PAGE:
It only remains to choose \(A, B, C\) in Eq. 2 to reveal interesting conclusions about \(X\). Clearly, we should set \(A = 0\) (that only makes the inequality stronger). Also let \(B = e_r y\transpose\) and \(C = xe_r\transpose\), where \(e_r\) is the \(r\)th column of the identity matrix of size \(r\), and \(x,y\) are unit-norm vectors. Then, the inequality becomes: \[ 0 \leq 2 - 2 (x\transpose W y) / \sigma_r. \tag{3}\] Choose \(x,y\) to be singular vectors of \(W\) associated to its largest singular value to conclude that \[ \sigmamax(\nabla f(X)) = \sigmamax(W) \leq \sigma_r(X). \] In words: the \(r\) positive singular values of \(X\) are all at least as large as the singular values of \(\nabla f(X)\).

After the fact, we can also figure out from this choice of \(A, B, C\) a particular curve \(c\) for which the inequality \((f \circ c)''(0) \geq 0\) yields Eq. 3. Then we don’t need much in the way of Riemannian optimization, but it obfuscates how one could discover the proof.

Yet, we also know that \(\nabla f(X) = X - M\), so that \[ M = X - \nabla f(X) = \begin{bmatrix} U & U_\perp \end{bmatrix} \begin{bmatrix} \Sigma & 0 \\ 0 & W \end{bmatrix} \begin{bmatrix} V & V_\perp \end{bmatrix}\transpose. \] Thus, the singular values of \(M\) are exactly those of \(X\) together with those of \(\nabla f(X)\). Moreover, \(X\) holds \(r\) largest singular values of \(M\) while \(\nabla f(X)\) holds the rest. It follows that \[ f(X) = \frac{1}{2} \sqfrobnorm{X - M} = \frac{1}{2} \sum_{i = r+1}^{\min(m, n)} \sigma_i(M)^2. \tag{4}\] In particular, all second-order critical points have the same cost function value.

Hence second-order points are optimal

We know \(f\) has a minimizer on \(\Rmnlr\) because the latter is closed and the former is strongly convex; let’s call it \(X^\star\). There are two scenarios to entertain:

  • Either \(\rank(M) \leq r\), in which case the function value in Eq. 4 is zero. This confirms that second-order critical points are optimal. (Actually, in this case, first-order criticality is enough.)
  • Or \(\rank(M) > r\), in which case \(\rank(X^\star) = r\). (Indeed, if \(X^\star\) had lesser rank, we would have \(\nabla f(X^\star) = 0\) so that \(X^\star = M\): a contradiction.) In particular, \(X^\star\) is second-order critical on \(\Rmnr\), and we know from Eq. 4 that all such points have the same cost function value; hence, they are all optimal.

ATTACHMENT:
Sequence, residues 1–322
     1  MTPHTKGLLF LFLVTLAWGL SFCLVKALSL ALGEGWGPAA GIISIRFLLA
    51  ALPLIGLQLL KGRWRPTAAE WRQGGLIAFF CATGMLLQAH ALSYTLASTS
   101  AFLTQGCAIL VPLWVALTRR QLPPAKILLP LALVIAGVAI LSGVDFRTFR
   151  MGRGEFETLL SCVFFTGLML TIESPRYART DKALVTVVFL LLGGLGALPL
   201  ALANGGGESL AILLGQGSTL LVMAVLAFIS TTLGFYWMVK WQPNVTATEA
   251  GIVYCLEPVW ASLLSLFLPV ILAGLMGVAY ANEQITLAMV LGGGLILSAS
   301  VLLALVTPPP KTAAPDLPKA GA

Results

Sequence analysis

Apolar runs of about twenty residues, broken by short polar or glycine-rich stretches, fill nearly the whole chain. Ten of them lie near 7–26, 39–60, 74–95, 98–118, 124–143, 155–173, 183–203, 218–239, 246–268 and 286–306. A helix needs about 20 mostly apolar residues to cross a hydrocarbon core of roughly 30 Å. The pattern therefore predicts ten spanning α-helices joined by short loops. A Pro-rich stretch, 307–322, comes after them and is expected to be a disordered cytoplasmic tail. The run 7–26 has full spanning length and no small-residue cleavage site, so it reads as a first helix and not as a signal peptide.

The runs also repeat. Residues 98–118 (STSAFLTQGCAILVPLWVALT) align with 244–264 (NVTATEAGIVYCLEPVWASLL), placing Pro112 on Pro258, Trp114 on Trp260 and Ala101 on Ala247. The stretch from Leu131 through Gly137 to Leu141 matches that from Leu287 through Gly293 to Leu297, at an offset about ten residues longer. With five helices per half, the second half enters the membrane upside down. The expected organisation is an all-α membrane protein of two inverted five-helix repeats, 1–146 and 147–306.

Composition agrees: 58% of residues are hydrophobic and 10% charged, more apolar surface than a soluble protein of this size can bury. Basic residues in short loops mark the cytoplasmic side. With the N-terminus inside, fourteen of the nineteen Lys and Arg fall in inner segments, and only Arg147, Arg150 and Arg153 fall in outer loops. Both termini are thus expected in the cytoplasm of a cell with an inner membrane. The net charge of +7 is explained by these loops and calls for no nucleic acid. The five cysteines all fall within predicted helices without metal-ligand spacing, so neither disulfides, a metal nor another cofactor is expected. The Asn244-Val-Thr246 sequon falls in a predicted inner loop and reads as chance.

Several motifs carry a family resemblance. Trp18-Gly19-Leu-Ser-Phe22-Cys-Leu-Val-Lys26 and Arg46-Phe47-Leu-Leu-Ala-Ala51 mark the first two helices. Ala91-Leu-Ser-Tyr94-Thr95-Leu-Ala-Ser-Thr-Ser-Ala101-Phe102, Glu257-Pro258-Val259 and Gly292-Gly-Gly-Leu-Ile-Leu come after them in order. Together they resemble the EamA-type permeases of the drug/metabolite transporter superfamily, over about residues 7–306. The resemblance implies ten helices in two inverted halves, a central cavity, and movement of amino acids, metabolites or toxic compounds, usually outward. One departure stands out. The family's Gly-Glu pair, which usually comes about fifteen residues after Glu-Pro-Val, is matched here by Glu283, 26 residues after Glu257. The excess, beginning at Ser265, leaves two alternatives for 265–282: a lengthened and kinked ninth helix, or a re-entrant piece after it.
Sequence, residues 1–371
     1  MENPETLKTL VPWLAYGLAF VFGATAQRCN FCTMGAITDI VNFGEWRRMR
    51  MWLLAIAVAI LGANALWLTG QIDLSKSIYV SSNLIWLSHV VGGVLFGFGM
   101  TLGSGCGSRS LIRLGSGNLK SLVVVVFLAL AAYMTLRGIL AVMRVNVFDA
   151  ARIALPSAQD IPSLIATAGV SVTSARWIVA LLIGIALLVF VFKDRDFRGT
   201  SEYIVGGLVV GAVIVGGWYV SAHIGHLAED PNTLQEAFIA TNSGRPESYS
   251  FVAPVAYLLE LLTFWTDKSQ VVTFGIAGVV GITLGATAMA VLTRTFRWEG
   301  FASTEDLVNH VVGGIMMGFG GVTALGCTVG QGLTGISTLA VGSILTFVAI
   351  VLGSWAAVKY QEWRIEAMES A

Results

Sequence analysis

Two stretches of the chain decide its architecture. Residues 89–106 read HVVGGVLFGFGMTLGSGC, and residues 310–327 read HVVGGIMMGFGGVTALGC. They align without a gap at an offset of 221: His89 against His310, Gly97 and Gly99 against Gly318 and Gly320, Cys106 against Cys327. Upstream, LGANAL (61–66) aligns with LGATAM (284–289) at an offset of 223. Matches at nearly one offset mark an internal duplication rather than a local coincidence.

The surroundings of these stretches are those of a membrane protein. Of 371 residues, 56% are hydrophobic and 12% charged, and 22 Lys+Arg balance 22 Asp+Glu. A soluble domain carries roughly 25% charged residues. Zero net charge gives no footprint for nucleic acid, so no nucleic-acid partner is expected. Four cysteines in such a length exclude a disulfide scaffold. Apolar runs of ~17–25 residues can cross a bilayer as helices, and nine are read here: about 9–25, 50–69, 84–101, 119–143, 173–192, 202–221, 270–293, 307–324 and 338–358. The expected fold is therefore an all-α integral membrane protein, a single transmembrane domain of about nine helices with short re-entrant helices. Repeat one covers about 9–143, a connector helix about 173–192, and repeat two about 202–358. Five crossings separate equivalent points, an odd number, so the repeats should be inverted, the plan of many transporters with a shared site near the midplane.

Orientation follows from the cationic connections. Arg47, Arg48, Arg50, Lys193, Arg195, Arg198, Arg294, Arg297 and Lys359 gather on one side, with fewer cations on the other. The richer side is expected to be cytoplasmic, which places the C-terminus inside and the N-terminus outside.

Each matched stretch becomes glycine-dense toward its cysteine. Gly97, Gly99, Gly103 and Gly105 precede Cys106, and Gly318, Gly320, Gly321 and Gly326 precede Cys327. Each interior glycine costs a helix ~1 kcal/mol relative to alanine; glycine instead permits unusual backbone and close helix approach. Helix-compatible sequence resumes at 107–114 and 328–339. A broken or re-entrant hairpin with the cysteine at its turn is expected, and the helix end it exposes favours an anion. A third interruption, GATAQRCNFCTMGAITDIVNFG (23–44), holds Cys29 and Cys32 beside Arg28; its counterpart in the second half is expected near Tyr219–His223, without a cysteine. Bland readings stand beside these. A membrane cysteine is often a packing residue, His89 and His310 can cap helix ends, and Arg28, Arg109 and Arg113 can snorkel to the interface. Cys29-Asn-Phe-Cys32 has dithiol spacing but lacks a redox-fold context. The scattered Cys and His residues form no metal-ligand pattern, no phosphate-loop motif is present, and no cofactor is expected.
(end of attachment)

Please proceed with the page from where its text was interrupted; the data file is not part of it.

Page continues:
This takes care of the second part of Theorem 1.

Notice that a by-product of this proof is that the minimizers of \(f\) are the SVDs of \(M\) truncated to rank \(r\). In other words: we re-proved the Eckart–Young–Mirsky theorem for the Frobenius norm.

References

Boumal, Nicolas. 2023. An Introduction to Optimization on Smooth Manifolds. Cambridge University Press. https://doi.org/10.1017/9781009166164.
Helmke, U., and M. A. Shayman. 1995. “Critical Points of Matrix Least Squares Distance Functions.” Linear Algebra and Its Applications 215: 1–19. https://doi.org/https://doi.org/10.1016/0024-3795(93)00070-G.
Ho, N.-D. 2008. “Nonnegative Matrix Factorization: Algorithms and Applications.” PhD thesis, Louvain-la-Neuve, Belgium: Université catholique de Louvain. https://perso.uclouvain.be/paul.vandooren/ThesisHo.pdf.
Schneider, R., and A. Uschmajew. 2015. “Convergence Results for Projected Line-Search Methods on Varieties of Low-Rank Matrices via Łojasiewicz Inequality.” SIAM Journal on Optimization 25 (1): 622–46. https://doi.org/10.1137/140957822.

Citation

BibTeX citation:
@online{boumal2023,
  author = {Boumal, Nicolas and Criscitiello, Christopher},
  title = {Benign Landscape of Low-Rank Approximation: {Part} {I}},
  date = {2023-12-11},
  url = {racetothebottom.xyz/posts/low-rank-approx},
  langid = {en},
  abstract = {The minimizers of \$\textbackslash sqfrobnorm\{X-M\}\$
    subject to \$\textbackslash rank(X) \textbackslash leq r\$ are given
    by the SVD of \$M\$ truncated at rank \$r\$. The optimization
    problem is nonconvex but it has a benign landscape. That’s folklore,
    here with a proof.}
}